Date Created
  • 2020

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Longitudinal associations between felt pressure from family and peers and self-esteem among African American and Latino/a Youth

Description

The present study explored longitudinal associations between self-esteem and a specific dimension of gender identity (GI) and ethnic-racial identity (ERI), namely felt pressure from family and peers to act or

The present study explored longitudinal associations between self-esteem and a specific dimension of gender identity (GI) and ethnic-racial identity (ERI), namely felt pressure from family and peers to act or behave in either gender or race/ethnic-accordant ways, among a sample of 750 African American and Latino/a middle school students (M = 12.10 years, SD = .97 years) in a southwestern U.S. city. Participants completed measures of self-esteem and GI and ERI felt pressure from family and from peers at two time points. Data were analyzed through bivariate correlation and hierarchical multiple linear regression analyses. Hierarchical multiple linear regression results revealed that among African American students, there was a significant negative longitudinal association between ERI felt pressure from family at Time 1 and self-esteem at Time 2 after controlling for self-esteem at Time 1. There was also a significant negative longitudinal association between ERI felt pressure from peers at Time 1 and self-esteem at Time 2 among African American participants. However, these associations were not found among Latino/a participants. Implications of findings with regards to GI and ERI development during early adolescence, socialization, and school context are discussed.

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Agent

Created

Date Created
  • 2017

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A longitudinal study of ethnic discrimination, ethnic-racial identity, gender, and educational values among Latina/o early adolescents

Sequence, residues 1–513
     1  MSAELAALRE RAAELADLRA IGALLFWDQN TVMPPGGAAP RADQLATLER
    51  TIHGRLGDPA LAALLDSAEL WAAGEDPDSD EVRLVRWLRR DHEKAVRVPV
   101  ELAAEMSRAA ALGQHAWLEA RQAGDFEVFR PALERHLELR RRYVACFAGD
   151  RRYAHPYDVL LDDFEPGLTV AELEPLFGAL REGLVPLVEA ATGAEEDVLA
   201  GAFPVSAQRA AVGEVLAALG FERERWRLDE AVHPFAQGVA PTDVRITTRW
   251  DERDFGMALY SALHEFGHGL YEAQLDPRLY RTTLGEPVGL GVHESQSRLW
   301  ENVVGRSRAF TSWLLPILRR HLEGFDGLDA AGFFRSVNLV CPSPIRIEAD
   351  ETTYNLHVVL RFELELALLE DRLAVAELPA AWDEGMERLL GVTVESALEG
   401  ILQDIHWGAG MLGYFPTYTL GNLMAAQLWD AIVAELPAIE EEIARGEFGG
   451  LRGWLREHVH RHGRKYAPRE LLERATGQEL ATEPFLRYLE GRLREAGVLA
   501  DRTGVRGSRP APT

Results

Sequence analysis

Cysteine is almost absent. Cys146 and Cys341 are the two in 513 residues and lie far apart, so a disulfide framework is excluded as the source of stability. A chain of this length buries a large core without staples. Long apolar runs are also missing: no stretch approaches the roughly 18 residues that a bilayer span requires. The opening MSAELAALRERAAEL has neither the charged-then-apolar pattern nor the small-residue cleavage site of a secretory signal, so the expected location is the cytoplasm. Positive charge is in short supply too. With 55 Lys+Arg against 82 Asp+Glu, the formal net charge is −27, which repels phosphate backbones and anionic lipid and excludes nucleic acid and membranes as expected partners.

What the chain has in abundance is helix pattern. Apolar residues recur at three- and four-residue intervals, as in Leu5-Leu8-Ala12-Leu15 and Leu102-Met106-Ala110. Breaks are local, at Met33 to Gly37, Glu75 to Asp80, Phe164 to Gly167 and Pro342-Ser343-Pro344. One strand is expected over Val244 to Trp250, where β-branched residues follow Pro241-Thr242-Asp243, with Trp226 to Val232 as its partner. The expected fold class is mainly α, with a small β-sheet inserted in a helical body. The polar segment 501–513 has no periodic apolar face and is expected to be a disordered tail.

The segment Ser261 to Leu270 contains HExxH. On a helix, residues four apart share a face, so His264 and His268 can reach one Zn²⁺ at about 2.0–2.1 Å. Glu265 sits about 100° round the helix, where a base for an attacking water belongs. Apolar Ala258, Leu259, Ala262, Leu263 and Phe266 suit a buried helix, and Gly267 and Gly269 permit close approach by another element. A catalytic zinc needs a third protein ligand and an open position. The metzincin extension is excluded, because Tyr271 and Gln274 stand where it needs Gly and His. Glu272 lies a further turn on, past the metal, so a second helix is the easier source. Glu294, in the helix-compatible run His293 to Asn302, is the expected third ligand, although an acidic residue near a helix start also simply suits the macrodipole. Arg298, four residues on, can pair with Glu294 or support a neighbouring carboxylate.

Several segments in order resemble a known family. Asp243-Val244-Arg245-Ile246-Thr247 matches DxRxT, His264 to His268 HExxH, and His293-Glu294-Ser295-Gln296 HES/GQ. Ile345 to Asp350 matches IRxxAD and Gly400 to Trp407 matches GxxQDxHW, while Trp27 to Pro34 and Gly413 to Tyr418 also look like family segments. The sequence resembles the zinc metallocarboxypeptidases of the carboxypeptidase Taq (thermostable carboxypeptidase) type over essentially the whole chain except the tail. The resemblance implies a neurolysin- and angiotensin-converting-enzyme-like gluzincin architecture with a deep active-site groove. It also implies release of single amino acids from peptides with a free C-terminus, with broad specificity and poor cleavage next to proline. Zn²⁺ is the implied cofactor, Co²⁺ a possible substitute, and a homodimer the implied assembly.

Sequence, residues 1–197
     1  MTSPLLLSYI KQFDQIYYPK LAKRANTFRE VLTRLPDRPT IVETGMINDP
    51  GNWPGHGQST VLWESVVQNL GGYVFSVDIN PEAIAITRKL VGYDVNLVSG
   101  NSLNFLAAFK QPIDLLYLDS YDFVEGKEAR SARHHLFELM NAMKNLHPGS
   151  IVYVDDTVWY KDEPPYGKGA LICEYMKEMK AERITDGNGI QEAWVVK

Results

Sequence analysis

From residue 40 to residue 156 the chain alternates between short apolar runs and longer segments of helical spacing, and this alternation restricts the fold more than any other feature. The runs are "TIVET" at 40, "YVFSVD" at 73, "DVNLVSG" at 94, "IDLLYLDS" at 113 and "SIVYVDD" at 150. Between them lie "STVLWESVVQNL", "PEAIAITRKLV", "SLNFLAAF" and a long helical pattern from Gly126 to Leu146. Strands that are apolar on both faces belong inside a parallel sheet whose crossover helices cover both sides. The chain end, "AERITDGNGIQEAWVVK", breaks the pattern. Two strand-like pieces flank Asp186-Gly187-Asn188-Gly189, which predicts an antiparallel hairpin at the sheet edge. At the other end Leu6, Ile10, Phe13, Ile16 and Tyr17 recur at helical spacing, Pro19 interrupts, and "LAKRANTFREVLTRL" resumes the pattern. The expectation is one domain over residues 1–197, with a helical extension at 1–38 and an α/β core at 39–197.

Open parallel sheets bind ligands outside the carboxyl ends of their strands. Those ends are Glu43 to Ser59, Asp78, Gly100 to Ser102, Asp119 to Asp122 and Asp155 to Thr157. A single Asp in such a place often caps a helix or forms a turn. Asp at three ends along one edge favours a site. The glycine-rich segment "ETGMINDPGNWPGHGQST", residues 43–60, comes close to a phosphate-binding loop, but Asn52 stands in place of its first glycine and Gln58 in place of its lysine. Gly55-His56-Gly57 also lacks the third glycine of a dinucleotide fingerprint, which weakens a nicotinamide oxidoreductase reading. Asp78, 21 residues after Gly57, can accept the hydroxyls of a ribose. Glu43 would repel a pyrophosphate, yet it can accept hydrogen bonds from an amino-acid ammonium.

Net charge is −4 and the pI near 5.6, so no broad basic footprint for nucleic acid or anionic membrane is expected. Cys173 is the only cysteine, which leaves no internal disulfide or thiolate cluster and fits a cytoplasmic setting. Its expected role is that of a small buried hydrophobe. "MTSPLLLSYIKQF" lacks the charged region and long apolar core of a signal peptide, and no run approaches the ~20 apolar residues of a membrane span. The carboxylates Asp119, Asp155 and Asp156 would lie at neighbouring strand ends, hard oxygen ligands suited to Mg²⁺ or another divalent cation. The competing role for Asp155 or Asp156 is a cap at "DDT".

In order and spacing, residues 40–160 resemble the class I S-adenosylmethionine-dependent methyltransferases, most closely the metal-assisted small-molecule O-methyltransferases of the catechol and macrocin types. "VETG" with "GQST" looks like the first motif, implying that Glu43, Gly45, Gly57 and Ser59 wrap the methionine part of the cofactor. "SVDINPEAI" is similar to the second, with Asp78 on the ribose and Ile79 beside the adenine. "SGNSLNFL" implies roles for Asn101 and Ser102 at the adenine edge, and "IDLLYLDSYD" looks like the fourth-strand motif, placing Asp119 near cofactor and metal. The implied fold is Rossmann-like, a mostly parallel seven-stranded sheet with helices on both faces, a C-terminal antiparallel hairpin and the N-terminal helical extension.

Description

This study addresses conflicting findings regarding gender differences in the moderating role of ethnic private regard in the longitudinal association between school ethnic discrimination and educational values among Latina/o early

This study addresses conflicting findings regarding gender differences in the moderating role of ethnic private regard in the longitudinal association between school ethnic discrimination and educational values among Latina/o early adolescents. Participants included 689 Latina/o early adolescents in middle school (Mage = 12.06, SD = .98 at Time 1; Mage = 12.66, SD = 1.00 at Time 2). Two waves of data were collected approximately eight months apart. Ethnic private regard moderated the association between school ethnic discrimination at time 1 and educational values at time 2 only among Latino male early adolescents, such that the negative association between school ethnic discrimination and educational values existed only for males with high ethnic private regard. Implications highlight the need to enhance teachers’ cultural competency in working with Latino male students.

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Agent

Created

Date Created
  • 2016